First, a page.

Pain Code: Get Pain Under Control Quickly

Charles F. von Gunten, MD, PhD


September 08, 2011

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I'm Charles von Gunten, Provost of The Institute for Palliative Medicine at San Diego Hospice. I want to talk about getting the pain under control quickly when there's a pain crisis. We've called this a "pain code."

Imagine a patient who has advanced cancer who has been admitted to the hospital complaining of 10 out of 10 pain. Your goal is to get the pain under control quickly. The most important fact to remember is this -- the time to pain control is the same as the time to the maximum concentration of the opioid in the blood.

So for a drug such as morphine given intravenously, the time to maximum concentration is 8 minutes. Therefore, successive doses of morphine can be given every 8 minutes. For someone whose pain is completely out of control, 10 out of 10, you want to double the dose to get that pain under control.

So for example, with the patient I described, with 10 out of 10 pain, he might have been on a patient-controlled analgesia dose of 1 mg of morphine. You want to double it to 2 mg. If after 8 minutes that pain is not controlled, you double it again. That would be a 4-mg dose. Wait 8 minutes. If the patient is not experiencing any relief, then you want to double it again to 8 mg. If the patient is still not getting any relief after another 8 minutes, double it again to 16 mg.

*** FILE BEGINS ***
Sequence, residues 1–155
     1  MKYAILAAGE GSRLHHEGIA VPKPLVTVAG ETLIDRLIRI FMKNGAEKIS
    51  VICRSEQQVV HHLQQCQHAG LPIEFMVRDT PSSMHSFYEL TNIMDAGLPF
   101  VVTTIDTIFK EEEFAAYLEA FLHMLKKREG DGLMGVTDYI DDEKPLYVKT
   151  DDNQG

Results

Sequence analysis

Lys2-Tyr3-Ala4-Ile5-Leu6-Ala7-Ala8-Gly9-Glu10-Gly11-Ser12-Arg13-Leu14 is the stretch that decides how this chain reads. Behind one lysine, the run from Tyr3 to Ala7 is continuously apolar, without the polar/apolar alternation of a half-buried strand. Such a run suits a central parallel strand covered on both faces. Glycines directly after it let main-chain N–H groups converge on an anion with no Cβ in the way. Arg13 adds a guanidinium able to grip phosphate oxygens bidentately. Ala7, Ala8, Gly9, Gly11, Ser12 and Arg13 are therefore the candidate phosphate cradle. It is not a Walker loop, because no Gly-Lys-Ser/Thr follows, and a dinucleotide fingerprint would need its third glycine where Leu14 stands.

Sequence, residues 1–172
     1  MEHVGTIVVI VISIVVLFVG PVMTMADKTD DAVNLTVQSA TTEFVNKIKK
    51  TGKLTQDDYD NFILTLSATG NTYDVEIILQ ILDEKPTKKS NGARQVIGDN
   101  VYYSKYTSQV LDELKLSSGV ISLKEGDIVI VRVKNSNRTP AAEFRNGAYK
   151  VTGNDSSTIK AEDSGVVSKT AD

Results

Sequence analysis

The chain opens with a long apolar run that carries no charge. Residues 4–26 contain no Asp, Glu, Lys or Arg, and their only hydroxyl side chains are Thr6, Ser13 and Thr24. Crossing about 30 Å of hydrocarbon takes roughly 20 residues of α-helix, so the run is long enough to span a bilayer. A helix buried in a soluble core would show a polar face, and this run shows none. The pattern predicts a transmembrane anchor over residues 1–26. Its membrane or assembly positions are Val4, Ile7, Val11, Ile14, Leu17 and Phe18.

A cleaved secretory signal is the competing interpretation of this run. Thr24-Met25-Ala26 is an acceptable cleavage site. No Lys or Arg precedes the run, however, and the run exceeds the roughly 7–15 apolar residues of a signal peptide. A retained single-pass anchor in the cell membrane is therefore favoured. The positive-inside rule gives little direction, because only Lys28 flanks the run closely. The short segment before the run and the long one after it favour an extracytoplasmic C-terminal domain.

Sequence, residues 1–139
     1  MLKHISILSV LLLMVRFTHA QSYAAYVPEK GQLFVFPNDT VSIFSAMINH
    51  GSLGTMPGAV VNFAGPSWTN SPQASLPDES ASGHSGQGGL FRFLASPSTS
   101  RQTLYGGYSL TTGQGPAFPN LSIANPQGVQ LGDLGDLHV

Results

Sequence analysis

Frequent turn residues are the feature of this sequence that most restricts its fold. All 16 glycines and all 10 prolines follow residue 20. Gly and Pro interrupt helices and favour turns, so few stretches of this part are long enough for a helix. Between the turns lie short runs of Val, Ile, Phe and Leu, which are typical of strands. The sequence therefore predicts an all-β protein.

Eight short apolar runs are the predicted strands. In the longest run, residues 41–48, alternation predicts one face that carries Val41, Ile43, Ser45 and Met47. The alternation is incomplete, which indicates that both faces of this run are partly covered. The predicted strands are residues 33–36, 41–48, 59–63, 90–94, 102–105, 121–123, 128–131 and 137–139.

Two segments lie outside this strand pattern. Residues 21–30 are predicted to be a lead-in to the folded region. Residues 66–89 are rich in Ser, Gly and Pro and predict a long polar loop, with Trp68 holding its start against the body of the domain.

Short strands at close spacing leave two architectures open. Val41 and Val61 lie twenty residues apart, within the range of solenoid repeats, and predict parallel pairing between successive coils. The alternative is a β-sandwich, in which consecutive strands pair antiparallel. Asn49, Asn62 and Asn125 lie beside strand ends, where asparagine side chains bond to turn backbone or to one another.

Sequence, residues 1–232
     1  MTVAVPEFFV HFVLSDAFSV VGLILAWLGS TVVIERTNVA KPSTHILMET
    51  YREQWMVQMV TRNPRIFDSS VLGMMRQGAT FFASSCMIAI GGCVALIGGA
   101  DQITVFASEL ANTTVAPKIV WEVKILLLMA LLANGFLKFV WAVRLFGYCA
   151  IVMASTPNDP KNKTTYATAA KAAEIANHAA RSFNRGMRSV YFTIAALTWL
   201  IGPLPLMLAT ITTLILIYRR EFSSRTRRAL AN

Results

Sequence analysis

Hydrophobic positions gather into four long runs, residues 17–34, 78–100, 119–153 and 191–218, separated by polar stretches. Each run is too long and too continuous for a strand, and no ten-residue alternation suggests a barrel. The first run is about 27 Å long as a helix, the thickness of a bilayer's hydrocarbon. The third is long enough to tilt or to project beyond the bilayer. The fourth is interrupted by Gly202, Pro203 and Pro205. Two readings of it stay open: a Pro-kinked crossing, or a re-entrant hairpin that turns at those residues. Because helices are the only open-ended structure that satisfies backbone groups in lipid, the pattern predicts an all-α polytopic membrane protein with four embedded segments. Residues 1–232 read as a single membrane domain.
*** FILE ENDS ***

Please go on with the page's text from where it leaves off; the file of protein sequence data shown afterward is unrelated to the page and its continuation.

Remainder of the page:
The point here is you're doubling the dose of the opioid at the level of the receptor. When the patient begins to describe relief, you found the dose that is controlling that person's pain.

The most frequent mistake that people make is they dose every half-life. When someone is in a pain crisis, you want to get on top of that pain quickly. You want to avoid the demoralization that comes from not being able to deal with the pain right away.

So the key fact to remember is dose every time to maximum concentration. For morphine, for hydromorphone, and for intravenous fentanyl, that's every 8 minutes. If you are giving it subcutaneously, that would be every 30 minutes. And if you were giving it orally, it would be every hour. But the key point is dose every time to maximum concentration and double the dose until the patient reports relief.

This is Charles von Gunten, Provost of The Institute for Palliative Medicine. Thanks for your commitment to controlling pain. And thanks for watching this video.


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